History About Amarnath Shrine
Amarnath Temple Pilgrimage is an annual pilgrimage being made to the shrine Amarnath Temple by thousands of Hindu devotees on challenging mountainous terrain.
Located in the Indian state of Jammu and Kashmir and situated on Mount Amarnath, the Amarnath caves are one of the most famous shrines in Hinduism. Dedicated to the god Shiva, the shrine is said to be over 5,000 years old. The shrine forms an important part of Hinduism. The cave is surrounded by snowy mountains. The cave itself is covered with snow most time of the year except for a short period of time in summer when it is open for pilgrims.
Inside the 130 feet high, south facing Amarnath cave is the Shiva Linga, which waxes during May to August and gradually wanes thereafter. This lingam is said to grow and shrink with the phases of the moon, reaching its height during the summer festival.
According a Hindu legend, this is the cave where Shiva explained the secret of life and eternity to his divine consort Parvati. Two other ice formations represent Parvati and Shiva’s son, Ganesha.
The cave is situated at an altitude of 3,888 m (12,756 ft),about 141 km (88 mi) from Srinagar, the capital of Jammu and Kashmir. The Central Reserve Police Force, Indian Army and Indian Paramilitary Forces maintain a strong presence in the region due to security concerns.
Ice Lingam at Amarnath Cave
The main purpose of this pilgrimage is the sight of Lingam representing the Lord Shiva himself. According to an unproven theory the formation is an ice stalagmite which resembles the Lingam, however this theory is challenged by the fact that the substance of the lingam is not the same as stalagmites found elsewhere. Additionally, the cave being existed for few thousand years, have not filled itself from the sedimentary material. The water thawing from the roof does not fall on the lingam itself which brings in doubt the stalagmite theory.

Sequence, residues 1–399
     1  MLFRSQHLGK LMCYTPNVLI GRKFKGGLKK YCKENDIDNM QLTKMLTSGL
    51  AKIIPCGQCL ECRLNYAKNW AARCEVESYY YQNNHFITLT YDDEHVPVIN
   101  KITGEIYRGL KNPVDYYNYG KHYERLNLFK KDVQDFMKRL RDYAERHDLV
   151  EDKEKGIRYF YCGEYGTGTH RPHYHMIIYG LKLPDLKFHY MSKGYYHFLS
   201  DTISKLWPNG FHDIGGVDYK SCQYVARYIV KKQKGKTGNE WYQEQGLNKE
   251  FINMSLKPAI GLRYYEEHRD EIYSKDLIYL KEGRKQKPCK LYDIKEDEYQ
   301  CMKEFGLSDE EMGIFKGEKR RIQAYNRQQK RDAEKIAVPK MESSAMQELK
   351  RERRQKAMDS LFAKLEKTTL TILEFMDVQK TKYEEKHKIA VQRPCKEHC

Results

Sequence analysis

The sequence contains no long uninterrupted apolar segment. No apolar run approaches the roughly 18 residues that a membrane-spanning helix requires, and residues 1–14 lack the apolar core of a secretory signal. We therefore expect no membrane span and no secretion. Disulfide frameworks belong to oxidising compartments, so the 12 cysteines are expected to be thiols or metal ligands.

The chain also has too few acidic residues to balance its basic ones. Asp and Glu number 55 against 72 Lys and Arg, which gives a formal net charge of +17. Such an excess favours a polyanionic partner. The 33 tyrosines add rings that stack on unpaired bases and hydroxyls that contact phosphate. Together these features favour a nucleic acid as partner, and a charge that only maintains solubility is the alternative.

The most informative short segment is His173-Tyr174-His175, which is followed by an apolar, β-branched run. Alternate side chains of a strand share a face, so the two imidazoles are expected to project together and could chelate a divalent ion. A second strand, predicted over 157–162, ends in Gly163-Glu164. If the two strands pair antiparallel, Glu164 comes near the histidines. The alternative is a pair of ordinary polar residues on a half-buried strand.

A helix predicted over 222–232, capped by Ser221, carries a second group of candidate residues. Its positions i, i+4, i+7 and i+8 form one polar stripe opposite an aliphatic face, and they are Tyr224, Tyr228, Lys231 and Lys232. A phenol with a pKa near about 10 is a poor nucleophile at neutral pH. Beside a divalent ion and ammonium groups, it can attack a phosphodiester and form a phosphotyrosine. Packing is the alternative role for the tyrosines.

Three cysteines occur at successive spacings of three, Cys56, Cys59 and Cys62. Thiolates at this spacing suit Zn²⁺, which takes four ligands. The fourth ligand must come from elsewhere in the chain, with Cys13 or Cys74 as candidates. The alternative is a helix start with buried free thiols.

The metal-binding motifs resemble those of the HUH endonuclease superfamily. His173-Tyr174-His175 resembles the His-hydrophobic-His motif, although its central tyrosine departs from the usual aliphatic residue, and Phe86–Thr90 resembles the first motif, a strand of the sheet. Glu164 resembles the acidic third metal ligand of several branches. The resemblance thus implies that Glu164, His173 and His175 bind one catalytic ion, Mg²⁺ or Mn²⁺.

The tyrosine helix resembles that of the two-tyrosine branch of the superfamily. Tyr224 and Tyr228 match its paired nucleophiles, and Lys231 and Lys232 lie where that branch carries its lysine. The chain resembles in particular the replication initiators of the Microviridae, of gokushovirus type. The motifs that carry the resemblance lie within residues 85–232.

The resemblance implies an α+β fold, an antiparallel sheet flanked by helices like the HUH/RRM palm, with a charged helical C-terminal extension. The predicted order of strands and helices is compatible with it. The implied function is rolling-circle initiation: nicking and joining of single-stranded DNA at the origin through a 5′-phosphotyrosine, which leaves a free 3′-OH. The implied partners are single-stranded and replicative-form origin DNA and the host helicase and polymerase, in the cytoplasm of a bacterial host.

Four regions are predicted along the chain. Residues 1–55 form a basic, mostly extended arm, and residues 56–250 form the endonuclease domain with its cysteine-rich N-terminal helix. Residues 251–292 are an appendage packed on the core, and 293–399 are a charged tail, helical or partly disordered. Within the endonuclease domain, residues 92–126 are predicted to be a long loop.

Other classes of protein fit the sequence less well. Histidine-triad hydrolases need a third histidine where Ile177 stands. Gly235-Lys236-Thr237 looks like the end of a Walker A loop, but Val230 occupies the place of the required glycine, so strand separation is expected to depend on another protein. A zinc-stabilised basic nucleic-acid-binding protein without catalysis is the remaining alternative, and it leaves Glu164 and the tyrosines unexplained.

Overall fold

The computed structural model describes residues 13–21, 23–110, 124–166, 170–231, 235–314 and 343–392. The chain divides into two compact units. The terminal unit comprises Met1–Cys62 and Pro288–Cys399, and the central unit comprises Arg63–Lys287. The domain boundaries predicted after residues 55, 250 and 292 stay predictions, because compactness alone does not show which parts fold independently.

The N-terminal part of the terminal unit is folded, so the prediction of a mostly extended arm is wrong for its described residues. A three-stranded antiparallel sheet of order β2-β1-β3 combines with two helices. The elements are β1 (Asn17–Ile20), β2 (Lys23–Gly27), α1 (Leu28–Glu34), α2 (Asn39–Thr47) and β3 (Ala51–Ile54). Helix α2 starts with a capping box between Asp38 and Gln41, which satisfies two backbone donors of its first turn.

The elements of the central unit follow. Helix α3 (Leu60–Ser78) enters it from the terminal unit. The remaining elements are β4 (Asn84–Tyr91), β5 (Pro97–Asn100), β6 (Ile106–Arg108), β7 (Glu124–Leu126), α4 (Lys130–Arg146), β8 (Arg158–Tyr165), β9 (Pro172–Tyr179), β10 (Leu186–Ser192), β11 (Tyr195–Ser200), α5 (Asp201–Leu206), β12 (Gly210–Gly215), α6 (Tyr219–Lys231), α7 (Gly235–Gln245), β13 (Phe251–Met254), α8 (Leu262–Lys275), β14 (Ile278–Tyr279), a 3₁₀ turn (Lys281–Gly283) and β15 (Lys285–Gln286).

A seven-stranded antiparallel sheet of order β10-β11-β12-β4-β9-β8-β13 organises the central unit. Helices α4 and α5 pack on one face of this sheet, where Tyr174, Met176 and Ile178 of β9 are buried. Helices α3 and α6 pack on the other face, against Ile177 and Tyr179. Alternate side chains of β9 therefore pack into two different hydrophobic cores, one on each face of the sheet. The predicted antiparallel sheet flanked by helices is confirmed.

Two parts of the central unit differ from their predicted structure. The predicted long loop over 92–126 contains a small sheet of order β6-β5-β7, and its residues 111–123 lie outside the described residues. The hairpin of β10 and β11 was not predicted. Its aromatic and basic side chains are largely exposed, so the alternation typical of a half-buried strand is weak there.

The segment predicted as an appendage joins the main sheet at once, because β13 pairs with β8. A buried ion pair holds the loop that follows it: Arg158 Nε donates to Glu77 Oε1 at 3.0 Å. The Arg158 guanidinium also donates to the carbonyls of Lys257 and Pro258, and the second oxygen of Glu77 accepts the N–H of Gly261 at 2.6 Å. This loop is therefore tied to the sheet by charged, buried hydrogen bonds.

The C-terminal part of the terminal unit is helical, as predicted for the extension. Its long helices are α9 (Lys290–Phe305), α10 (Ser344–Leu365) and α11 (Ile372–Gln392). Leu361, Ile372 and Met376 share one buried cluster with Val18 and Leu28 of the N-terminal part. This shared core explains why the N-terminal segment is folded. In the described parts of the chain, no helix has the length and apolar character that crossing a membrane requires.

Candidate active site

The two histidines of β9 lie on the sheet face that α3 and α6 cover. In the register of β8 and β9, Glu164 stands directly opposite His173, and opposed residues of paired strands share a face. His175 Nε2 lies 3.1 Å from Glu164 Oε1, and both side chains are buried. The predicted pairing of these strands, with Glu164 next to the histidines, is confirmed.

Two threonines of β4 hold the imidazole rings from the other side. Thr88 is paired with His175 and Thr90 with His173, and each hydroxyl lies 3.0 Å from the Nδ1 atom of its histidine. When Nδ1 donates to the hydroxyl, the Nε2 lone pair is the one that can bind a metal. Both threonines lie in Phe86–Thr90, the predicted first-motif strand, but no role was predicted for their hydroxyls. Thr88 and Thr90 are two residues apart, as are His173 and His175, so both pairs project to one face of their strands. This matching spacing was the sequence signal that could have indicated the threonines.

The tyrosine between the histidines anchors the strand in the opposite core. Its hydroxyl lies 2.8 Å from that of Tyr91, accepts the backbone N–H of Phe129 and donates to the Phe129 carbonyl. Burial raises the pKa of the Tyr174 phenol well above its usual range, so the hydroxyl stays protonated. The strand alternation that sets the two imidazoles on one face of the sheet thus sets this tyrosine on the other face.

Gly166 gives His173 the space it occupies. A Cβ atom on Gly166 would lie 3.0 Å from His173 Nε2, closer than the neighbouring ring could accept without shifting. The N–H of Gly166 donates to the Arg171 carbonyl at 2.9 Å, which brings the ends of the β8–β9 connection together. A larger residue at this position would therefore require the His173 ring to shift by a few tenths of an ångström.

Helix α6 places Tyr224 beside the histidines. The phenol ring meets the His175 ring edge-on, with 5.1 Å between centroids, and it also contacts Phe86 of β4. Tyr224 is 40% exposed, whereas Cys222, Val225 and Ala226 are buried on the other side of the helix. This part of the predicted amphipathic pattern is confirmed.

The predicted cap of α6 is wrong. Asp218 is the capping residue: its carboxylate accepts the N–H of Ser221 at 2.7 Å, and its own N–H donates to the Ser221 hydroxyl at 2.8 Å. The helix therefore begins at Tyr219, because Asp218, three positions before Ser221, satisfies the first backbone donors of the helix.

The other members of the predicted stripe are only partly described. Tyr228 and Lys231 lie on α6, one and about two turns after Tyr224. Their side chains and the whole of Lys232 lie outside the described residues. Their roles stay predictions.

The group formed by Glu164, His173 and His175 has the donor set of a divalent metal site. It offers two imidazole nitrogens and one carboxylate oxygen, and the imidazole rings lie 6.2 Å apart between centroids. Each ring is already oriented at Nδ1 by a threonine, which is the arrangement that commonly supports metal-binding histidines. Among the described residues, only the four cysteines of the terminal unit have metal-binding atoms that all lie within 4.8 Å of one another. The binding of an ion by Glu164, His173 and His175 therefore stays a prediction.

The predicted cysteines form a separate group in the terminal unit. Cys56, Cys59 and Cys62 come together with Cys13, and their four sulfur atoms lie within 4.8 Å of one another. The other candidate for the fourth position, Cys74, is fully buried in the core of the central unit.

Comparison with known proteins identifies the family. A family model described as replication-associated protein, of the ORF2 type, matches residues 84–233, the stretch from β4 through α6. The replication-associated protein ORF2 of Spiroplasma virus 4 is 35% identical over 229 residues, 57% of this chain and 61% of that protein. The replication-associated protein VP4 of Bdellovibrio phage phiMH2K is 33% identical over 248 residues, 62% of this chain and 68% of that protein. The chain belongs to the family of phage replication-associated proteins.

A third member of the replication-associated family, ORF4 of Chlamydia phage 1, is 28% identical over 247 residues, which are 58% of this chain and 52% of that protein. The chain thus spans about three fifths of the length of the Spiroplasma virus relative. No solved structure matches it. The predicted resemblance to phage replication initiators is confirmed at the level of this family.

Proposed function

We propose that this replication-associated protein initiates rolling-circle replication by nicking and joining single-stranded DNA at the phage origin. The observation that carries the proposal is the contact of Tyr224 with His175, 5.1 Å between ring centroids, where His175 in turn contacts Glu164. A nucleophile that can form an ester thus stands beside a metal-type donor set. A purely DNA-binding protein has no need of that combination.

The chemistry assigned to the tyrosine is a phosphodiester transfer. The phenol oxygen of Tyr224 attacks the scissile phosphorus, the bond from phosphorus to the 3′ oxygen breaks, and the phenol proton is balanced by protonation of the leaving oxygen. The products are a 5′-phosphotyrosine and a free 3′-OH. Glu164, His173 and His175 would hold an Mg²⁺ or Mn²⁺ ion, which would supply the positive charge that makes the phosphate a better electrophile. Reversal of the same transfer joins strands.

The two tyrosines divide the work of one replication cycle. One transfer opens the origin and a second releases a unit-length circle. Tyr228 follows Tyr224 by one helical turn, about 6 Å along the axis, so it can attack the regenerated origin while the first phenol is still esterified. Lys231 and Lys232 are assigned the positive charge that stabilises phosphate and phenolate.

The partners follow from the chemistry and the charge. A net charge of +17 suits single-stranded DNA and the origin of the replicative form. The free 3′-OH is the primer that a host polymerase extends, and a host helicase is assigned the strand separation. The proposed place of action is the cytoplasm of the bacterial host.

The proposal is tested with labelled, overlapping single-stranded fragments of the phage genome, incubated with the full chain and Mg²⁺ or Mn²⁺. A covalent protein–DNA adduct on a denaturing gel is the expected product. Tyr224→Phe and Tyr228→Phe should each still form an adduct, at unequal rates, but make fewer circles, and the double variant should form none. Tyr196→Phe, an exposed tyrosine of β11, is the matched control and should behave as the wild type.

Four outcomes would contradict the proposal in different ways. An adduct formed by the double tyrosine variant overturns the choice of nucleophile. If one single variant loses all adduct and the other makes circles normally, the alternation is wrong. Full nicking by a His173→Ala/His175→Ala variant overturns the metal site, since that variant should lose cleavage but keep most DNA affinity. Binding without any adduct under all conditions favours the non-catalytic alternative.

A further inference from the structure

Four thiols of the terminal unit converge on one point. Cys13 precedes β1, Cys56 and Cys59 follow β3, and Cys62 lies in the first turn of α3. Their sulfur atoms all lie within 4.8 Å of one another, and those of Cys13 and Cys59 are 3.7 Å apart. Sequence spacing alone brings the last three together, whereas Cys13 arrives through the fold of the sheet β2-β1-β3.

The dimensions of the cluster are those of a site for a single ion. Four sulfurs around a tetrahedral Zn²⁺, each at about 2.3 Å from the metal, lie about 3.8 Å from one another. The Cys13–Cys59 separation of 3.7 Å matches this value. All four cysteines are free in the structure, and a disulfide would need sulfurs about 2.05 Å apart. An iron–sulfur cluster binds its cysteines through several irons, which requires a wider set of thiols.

Amarnath Yatra Camp.
The temple is a popular yatra destination for Hindus. In 2011 it received about 634,000 people which was highest recorded number for the site. Pilgrims visit the holy site during the 45-day season around the festival of Shravani Melain July–August, coinciding with the Hindu holy month of Shraavana.
The beginning of the annual pilgrimage, called Amarnath Yatra, to the Himalayan cave shrine is marked by ‘pratham pujan’ to invoke the blessings of Shri Amarnathji.
Amarnath pilgrims en route the holy shrine
Devotees generally take the 42 km (26 mi) pilgrimage on foot from the town of Pahalgam, about 96 km (60 mi) from Srinagar, and cover the journey in four to five days. There are two alternate routes to the temple: the longer and more traditional path from Srinagar, and the shorter route from the town of Baltal. Some devotees, particularly the elderly, also ride on horse-back to make the journey.
The State Road Transport Corporation and Private Transport Operators provide the regular services from Jammu to Pahalgam and Baltal. Also privately hired taxis are available from Jammu.
Pahalgam, Chandanwari, Pissu top, Zoji Bal, Naga Koti, Shesh Nag, Warbal, Mahaganstop, Pabibal, Panchtarni, Sangam, Amarnath Cave. Approximately 42 km (26 mi)
Baltal, Domail, Barari, Amarnath Cave. Approximately 14 km (8.7 mi). This route although being shorter, it is a more challenging route.